Vitamin C

What is Vitamin C?

Vitamin C is a hydrosoluble (soluble in water) vitamin, which our body needs for normal growth and development. Hydrosoluble vitamins dissolve in water, and the excess of them is thrown out of our body by the urine, so it is necessary to continually intake this vitamin in recommended amounts (due to the fact that the body has no ability to store vitamin C for further utilization).

Functions in the human body

  • Participates in the formation of an important protein which is included in the structure of the skin, tendons, ligaments and blood vessels
  • Accelerates wound healing by helping to repair damaged tissue
  • Restores cartilage, bones, and teeth and maintains their health
  • Helps to form teeth and keep them healthy
  • Increases the absorption of iron
  • This vitamin is also an antioxidant, so it protects our body from damage that can be caused by free radicals

Symptoms of deficiency

Anemia, bloody gums, reduced the ability to fight infections, slower healing of wounds, dry hair, nasal bleeding, gingivitis, dry and rough skin, swollen and painful joints. A severe vitamin C deficiency causes scurvy, which most often occurs in elderly people who are undernourished.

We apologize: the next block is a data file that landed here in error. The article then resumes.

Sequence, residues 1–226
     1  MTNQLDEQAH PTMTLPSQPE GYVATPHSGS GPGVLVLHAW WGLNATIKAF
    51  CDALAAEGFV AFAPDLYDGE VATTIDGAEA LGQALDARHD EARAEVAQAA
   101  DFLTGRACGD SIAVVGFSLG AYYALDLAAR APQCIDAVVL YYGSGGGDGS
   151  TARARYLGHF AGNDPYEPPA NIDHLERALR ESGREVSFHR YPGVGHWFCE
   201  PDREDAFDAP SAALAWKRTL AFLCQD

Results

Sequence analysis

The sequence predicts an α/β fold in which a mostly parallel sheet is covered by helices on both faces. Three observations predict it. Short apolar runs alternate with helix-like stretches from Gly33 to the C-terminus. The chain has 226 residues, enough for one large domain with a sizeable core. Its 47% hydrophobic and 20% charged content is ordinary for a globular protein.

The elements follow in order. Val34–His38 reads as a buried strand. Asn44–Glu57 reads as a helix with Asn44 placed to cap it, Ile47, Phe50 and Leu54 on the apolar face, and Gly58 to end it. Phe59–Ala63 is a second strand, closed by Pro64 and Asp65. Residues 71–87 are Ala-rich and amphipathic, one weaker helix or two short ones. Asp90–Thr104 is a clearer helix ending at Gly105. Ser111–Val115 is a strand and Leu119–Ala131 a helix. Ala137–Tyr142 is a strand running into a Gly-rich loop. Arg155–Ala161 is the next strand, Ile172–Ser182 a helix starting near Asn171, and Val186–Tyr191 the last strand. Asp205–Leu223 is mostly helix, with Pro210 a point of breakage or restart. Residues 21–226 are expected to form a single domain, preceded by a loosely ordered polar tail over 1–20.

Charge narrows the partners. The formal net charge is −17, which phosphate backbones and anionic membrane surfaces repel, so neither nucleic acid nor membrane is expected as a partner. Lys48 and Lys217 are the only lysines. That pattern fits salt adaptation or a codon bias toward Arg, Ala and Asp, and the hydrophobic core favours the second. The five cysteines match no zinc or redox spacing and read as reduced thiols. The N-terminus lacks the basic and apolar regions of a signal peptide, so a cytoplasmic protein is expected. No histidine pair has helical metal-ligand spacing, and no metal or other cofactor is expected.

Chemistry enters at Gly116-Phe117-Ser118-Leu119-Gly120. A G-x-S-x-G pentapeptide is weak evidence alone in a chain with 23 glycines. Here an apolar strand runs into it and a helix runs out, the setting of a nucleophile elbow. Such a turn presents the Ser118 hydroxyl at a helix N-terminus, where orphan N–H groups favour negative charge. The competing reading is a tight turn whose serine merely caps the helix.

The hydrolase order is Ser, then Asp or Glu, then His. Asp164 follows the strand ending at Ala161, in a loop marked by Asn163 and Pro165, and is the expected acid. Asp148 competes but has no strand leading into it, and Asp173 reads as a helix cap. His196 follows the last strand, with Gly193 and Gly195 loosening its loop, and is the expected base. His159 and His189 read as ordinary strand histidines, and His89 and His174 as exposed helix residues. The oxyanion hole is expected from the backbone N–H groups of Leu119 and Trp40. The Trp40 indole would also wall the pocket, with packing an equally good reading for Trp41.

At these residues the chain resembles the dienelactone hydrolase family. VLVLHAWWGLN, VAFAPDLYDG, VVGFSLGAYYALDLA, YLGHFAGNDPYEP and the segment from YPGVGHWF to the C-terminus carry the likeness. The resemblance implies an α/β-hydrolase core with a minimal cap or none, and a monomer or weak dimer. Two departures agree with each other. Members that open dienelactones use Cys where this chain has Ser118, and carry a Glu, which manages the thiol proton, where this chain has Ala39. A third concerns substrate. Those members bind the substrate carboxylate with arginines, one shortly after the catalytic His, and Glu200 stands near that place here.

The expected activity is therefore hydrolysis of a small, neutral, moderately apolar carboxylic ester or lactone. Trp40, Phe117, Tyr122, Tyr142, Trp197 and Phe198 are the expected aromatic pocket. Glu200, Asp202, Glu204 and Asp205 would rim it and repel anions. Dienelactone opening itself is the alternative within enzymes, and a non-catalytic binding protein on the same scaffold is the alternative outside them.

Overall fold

Symptoms of an overdose

An overdose with this vitamin occurs very rarely because it is almost impossible to naturally consume such large doses of vitamin C. However, if more than 2000 mg of vitamin C is ingested daily, then diarrhea and stomach problems can occur. Also, supplementation with high doses of vitamin C during pregnancy is not recommended as this may lead to a deficiency of vitamin C in the baby after birth.

In what quantities do we need vitamin C?

Infants 0-6 months, 40mg/day 7-12 months, 50mg/day  
Children 1-3 years, 15mg/day 4-8 years, 25mg/day 9-13 years, 45mg/day
Adolescents Boys 14-18 years, 75mg/day Girls  14-18 years, 65mg/day Pregnant teenagers 80mg/day
Breastfeeding teenagers 115mg/day
Adults Male >19 years, 90mg/day Female > 19 years, 75mg/day Pregnant >19 years, 85mg/day
Breastfeeding > 19 years, 120mg/day

* Vitamin C is very unstable at a higher temperature, and if the products that contain vitamin C are heated, then you will break down and lose most of the vitamin C. So if you want to use the whole amount of vitamin C that is found in vegetables and fruits, then eat them raw.

What foods are the best source of vitamin C (the values ​​for the amount of vitamin C are given for 100 g of the listed product.)

Strawberries 58,8 mg
Kiwi 92,7 mg
Broccoli 89,2 mg
Kale 120 mg
Green pepper 80,4 mg
Red pepper 128 mg

Leave a Reply

Your email address will not be published.

Secured By miniOrange
Skip to toolbar